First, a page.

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Portrait of Henrik Smith. Photo.

Henrik Smith


Portrait of Henrik Smith. Photo.

Bioenergy crops, biodiversity and ecosystem services in temperate agricultural landscapes—A review of synergies and trade-offs


  • Josefin Winberg
  • Henrik G. Smith
  • Johan Ekroos

Summary, in English

The Paris agreement on climate change requires rapid reductions in greenhouse gas emissions. One important mitigation strategy, at least in the intermediate future, is the substitution of fossil fuels with bioenergy. However, using agriculture- and forest-derived biomass for energy has sparked controversy regarding both the climate mitigation potential and conflicts with biodiversity conservation. The urgency of the climate crisis calls for using forests for carbon sequestration and storage rather than for bioenergy, making agricultural biomass an attractive alternative for fossil energy substitution. However, this calls for comprehensive assessments of its sustainability in terms of consequences for biodiversity and ecosystem services. In this review, we provide a first holistic overview of the impacts on ecosystems of land-use changes from bioenergy crop production in temperate climates, by synthesizing results on both biodiversity and ecosystem service impacts. We found that bioenergy-related land-use changes can have both positive and negative effects on ecosystems, with original land use, bioenergy crop type and scale of bioenergy production being important moderators of impacts. Despite the risk of opportunity cost for food production, perennial crop cultivation on arable land had the lowest occurrence of negative impacts on biodiversity and ecosystem services. Growing biomass for bioenergy on surplus land has been suggested as a way to alleviate competition with food production and biodiversity conservation, but our results demonstrate that utilizing marginal or abandoned land for bioenergy crop production cannot fully resolve these trade-offs. Furthermore, there is a lack of empirical studies of the biodiversity value of marginal and abandoned land, limiting our understanding of the sustainability implications of biomass cultivation on surplus land. We argue that future research and policies for bioenergy production must explicitly consider biodiversity and ecosystem services in combination to avoid potential trade-offs between the two and to ensure sustainable bioenergy production.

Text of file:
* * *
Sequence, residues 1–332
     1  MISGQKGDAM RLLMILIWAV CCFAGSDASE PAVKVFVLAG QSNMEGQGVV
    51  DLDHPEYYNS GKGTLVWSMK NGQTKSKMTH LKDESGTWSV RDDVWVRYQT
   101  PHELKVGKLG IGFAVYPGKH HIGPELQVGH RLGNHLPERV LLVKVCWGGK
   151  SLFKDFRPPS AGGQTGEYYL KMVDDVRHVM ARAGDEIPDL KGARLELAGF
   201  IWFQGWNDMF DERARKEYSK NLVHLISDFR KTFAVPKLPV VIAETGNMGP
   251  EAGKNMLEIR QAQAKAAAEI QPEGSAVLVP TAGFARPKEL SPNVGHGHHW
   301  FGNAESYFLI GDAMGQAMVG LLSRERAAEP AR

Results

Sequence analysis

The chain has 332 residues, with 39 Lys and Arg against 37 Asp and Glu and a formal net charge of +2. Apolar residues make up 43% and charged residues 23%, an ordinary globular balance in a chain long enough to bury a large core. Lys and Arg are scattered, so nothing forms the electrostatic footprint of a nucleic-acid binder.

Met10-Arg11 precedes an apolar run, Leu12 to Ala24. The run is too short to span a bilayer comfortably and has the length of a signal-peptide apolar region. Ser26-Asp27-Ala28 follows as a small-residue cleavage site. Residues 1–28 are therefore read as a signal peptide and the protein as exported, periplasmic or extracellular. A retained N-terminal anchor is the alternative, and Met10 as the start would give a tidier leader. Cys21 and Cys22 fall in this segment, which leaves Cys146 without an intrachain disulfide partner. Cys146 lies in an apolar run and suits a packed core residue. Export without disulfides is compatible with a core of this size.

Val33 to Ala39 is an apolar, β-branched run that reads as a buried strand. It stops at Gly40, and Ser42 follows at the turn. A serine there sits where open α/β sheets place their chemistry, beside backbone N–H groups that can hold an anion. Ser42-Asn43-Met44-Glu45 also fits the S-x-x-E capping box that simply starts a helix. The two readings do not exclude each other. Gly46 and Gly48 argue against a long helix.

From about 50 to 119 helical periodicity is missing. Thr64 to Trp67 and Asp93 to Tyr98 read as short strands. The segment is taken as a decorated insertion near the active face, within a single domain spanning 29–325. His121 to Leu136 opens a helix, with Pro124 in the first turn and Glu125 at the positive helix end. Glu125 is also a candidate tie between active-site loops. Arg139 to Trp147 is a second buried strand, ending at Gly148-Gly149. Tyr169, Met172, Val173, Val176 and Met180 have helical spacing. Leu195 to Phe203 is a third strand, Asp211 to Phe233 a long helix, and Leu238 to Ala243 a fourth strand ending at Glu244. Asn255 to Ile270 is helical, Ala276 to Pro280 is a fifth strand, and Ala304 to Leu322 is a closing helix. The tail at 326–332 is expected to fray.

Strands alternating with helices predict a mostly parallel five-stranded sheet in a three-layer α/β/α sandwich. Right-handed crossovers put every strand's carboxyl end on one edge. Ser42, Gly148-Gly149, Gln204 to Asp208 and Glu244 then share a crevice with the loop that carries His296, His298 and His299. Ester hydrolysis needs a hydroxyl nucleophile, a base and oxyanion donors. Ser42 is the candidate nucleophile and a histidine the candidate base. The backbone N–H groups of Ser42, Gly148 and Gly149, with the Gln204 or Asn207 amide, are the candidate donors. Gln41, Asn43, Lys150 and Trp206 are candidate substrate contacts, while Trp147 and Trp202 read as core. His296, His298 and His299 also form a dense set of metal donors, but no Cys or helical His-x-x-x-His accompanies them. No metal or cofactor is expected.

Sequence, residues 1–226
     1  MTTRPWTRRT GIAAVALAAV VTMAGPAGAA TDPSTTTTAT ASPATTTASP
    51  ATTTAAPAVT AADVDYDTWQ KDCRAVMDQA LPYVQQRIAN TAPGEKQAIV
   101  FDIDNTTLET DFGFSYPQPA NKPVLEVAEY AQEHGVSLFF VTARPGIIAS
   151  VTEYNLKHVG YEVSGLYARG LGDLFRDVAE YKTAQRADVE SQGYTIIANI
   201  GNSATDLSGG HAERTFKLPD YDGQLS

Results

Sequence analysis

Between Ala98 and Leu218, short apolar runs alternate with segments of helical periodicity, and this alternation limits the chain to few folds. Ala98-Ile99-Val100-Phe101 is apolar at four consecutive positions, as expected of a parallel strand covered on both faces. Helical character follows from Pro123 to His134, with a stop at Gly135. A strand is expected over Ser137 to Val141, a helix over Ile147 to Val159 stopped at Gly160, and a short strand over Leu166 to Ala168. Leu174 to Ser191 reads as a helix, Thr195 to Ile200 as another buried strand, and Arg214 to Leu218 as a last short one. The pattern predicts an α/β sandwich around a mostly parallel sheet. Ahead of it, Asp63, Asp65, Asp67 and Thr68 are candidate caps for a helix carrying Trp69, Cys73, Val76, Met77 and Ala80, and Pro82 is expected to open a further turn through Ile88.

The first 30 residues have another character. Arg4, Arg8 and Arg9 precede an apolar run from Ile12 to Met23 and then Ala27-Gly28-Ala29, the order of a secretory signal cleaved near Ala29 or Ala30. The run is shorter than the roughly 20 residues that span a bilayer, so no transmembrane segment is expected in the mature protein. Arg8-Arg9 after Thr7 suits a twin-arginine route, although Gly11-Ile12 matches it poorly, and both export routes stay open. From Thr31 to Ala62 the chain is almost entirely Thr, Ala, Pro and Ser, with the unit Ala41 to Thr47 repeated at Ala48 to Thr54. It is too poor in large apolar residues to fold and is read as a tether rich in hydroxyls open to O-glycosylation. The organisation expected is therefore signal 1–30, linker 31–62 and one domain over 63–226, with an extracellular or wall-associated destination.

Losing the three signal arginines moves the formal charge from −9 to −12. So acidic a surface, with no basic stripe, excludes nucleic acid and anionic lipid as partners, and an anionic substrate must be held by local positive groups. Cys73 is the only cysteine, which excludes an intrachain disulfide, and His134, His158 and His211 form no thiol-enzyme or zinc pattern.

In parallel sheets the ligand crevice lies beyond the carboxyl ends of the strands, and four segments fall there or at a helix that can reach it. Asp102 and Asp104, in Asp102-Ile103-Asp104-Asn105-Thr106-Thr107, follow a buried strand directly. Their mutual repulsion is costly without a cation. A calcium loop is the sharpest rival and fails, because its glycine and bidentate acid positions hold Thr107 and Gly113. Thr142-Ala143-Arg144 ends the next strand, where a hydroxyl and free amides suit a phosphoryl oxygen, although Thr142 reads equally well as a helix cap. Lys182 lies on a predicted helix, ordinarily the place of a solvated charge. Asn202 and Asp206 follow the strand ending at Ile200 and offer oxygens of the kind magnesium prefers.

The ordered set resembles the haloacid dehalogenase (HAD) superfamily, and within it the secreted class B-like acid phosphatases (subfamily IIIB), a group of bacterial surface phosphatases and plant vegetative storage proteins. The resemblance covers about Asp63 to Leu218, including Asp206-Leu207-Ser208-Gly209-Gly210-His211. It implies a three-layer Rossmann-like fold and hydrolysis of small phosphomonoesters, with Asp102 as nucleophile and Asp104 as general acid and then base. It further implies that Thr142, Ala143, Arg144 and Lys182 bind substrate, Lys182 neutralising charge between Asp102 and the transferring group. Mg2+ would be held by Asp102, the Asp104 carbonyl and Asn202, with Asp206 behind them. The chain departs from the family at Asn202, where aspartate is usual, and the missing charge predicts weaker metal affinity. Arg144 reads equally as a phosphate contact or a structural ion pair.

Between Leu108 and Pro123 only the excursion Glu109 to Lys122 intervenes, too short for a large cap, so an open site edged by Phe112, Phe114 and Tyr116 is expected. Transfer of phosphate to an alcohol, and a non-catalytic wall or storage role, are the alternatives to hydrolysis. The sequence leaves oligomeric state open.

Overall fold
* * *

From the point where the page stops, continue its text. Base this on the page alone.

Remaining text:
• Biodiversity and Conservation Science
  • BECC: Biodiversity and Ecosystem services in a Changing Climate
  • Biodiversity
  • Centre for Environmental and Climate Science (CEC)
  • LU Profile Area: Nature-based future solutions

Publishing year







GCB Bioenergy





Document type

Journal article review


John Wiley & Sons Inc.


  • Renewable Bioenergy Research
  • Ecology


  • biodiversity
  • bioenergy
  • ecosystem services
  • feedstock
  • land-use change
  • marginal land
  • sustainability



Research group

  • Biodiversity and Conservation Science


  • ISSN: 1757-1693